I had now hunted this entire range most thoroughly, and was reluctantly forced to the conclusion that there were not sufficient signs to warrant my remaining another month. I talked the matter over with my friend, and told him that if he cared to wait until the next monthly steamer we could combine our forces and start into a new country which we knew was good; but Blake did not want to delay his departure so long, and as he now decided to return to the coast, I made up my mind to go out with him, take the steamer to Seattle, and thence go to British Columbia, where I would finish my long hunt by a trip after Rocky Mountain sheep.
Shortly after this we broke camp and started back to Cook Inlet, which we reached October 2. A few days later the steamer arrived, and that same night I was on my way from Alaska.
Unfortunately, my hunting for the year was over, for on my arrival at Seattle I found that I had been too much pulled down by the hard work upon the hills to make it wise for me to go into British Columbia.
[Transcriber’s Note: Footnote numbered in the text, but no associated text.]
Jas. H. Kidder.
In 1901 the opportunity came to me to make a trip to the island which the Kadiak bear inhabits, and to become slightly acquainted with this largest of all carnivora. My companion was A. W. Merriam, of Milton, Mass.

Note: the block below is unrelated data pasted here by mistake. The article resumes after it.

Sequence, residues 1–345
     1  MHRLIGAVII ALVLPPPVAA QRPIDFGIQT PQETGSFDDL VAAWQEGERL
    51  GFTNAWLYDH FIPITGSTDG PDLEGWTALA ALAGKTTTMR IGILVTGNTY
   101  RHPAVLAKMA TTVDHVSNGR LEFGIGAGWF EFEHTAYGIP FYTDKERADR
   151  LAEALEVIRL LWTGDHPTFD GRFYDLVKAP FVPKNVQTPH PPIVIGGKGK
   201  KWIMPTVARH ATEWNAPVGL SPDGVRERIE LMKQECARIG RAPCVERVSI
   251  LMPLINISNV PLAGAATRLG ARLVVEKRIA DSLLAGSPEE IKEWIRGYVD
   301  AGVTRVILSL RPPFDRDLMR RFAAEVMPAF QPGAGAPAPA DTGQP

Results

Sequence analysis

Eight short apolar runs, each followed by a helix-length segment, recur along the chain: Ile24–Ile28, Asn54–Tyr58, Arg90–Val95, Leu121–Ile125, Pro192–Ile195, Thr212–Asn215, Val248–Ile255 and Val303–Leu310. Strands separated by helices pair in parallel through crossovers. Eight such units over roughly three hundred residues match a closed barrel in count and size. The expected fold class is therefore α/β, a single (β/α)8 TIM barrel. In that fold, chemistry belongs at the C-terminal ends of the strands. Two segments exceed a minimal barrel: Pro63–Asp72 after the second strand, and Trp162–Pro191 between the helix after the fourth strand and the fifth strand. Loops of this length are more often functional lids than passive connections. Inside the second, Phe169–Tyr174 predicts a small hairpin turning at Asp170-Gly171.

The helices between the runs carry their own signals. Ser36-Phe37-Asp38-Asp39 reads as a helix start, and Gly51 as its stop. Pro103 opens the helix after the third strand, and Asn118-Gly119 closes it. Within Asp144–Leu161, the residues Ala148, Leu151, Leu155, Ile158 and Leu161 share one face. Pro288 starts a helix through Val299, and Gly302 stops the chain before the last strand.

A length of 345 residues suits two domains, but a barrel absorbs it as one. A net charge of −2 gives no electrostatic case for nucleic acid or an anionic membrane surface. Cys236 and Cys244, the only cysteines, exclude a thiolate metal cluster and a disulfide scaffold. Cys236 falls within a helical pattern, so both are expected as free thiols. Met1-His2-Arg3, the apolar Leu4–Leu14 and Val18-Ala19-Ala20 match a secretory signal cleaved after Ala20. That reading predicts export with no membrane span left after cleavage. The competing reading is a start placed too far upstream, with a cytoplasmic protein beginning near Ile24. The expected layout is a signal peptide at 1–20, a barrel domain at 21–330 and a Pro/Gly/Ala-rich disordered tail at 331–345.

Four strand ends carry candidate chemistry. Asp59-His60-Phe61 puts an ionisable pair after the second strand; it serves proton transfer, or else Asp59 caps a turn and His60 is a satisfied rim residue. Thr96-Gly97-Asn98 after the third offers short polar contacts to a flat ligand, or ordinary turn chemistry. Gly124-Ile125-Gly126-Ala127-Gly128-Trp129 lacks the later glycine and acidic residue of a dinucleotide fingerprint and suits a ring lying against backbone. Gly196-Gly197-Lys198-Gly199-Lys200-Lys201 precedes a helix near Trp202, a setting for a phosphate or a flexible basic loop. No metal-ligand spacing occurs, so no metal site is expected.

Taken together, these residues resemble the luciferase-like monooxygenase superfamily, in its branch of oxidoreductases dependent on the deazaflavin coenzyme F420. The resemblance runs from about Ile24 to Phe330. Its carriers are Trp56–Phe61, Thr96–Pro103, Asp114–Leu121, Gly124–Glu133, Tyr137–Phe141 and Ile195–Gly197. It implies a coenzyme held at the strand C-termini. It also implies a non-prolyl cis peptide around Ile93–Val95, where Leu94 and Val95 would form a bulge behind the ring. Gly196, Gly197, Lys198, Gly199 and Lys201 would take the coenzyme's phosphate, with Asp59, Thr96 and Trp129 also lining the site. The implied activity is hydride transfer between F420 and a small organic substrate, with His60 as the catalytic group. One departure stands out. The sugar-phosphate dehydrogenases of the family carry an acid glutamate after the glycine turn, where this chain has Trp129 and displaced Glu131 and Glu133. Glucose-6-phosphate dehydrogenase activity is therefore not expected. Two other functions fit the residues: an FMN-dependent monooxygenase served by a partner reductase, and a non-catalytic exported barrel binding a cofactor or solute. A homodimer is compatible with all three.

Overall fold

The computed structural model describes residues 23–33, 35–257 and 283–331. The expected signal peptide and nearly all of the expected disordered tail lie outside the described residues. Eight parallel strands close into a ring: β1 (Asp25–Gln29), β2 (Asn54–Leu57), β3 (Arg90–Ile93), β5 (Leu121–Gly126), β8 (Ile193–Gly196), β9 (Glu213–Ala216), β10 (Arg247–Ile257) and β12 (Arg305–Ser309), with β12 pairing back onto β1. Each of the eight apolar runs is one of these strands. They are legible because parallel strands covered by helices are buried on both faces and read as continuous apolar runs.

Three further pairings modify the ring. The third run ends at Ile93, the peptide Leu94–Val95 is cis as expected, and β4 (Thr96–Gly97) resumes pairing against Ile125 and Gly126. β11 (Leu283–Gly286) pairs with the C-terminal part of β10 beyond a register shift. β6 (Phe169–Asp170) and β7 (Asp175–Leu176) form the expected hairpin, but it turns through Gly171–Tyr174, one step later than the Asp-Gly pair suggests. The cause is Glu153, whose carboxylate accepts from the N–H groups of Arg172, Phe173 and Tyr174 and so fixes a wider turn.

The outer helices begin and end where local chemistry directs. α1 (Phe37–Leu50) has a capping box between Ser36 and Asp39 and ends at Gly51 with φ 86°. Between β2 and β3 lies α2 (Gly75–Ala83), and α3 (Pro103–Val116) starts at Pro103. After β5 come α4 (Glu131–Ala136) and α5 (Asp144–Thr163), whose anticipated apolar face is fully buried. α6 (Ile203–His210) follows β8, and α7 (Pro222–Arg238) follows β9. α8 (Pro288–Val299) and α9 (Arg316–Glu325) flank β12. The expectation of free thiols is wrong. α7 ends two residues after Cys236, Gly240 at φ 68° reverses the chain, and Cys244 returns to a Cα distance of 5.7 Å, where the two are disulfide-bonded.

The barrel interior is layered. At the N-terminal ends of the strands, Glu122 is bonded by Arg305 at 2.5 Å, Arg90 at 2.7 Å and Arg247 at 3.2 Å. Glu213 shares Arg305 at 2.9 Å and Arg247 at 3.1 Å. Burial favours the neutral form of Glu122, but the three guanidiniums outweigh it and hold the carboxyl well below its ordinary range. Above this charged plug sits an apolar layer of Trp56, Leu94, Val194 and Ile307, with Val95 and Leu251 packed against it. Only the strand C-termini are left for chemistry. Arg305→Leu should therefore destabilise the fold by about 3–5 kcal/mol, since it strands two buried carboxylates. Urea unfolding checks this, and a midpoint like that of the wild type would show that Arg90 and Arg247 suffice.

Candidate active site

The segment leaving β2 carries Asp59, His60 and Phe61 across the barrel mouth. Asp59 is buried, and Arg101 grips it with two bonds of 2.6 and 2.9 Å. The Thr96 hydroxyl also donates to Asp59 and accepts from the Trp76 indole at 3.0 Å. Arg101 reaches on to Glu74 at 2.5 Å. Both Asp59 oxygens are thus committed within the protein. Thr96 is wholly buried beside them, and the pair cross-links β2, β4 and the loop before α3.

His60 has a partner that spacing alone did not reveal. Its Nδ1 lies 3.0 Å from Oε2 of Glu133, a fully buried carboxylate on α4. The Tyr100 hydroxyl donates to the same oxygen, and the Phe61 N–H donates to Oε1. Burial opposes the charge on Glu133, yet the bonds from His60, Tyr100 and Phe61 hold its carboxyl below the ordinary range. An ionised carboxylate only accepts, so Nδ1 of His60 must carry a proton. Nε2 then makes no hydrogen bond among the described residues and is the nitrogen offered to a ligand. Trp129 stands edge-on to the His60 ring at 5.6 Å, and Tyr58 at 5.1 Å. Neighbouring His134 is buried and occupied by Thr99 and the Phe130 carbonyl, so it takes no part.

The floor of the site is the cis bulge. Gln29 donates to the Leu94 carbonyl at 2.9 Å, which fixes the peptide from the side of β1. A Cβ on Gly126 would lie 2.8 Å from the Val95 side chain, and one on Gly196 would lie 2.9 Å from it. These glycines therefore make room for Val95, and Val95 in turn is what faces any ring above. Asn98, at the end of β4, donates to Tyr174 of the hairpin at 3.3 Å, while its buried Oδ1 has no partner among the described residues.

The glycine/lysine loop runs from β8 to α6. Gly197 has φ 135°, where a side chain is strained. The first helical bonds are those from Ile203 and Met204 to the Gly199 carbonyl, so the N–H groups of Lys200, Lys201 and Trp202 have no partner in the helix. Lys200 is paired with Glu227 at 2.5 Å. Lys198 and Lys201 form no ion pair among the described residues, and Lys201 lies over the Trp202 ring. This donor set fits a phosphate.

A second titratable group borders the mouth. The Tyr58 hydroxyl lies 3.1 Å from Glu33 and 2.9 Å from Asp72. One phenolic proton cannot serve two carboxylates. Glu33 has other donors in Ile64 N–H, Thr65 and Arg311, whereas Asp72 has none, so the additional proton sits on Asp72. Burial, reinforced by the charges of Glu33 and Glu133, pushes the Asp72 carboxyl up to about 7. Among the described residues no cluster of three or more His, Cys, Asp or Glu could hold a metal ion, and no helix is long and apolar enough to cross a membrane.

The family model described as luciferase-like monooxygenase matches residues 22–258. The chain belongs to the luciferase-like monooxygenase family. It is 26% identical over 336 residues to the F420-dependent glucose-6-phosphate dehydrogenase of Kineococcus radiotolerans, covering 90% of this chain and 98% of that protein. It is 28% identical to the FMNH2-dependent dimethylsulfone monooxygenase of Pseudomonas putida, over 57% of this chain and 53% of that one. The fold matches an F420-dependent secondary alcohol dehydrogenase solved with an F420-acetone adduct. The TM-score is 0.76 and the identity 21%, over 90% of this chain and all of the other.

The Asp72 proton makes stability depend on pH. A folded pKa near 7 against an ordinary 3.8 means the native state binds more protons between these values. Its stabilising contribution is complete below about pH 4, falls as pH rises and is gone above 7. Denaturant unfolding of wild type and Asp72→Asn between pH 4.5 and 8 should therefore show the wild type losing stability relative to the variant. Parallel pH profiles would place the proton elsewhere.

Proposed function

We were under great obligations to Dr. C. Hart Merriam, of the Biological Survey, Washington, who, before we left home, gave us valuable information about the large game of Alaska. He told us of investigations which might prove of scientific value, and helped us to place our trip on a much broader base than a mere shooting expedition. One of the pleasantest features of such a trip was to see how freely information came in from all sides from those who could help in rounding out our work.
In order to find the Alaskan bears in their best pelage one must be on the ground in April, and this made it necessary for us to sail from Seattle April 1, on the Pacific Steam Whaling Company’s boat, Excelsior. Seattle proved a very good outfitting place, and before sailing we had safely stowed away below, in waterproof canvas bags, the provisions necessary to last us three months, in the most condensed and evaporated form.
Most of our fellow passengers were miners. One of them interested me particularly. He was a Finn, one of the pioneer white hunters in the Aleutian country, and his drawn face and stooping shoulders told the tale of trails too long and packs too heavy. I passed much time with him, and learned a good deal about the habits of the big, brown, barren bear, and his methods of fighting when hard pressed.
Our first Alaskan port was Hunter’s Bay, Prince of Wales Island, interesting because here is Clincon, one of the old settlements of the Haida Indians, famed for their wonderful totem poles, which tell in striking symbolic language the family histories of the tribe. There were many good faces among these people, and we asked ourselves and others the puzzling question, are they Aztecs, New Zealanders, or Japanese in origin? Among these people families with the same totem pole may not intermarry. An old man, the special wood carver of the tribe, does wonderful work.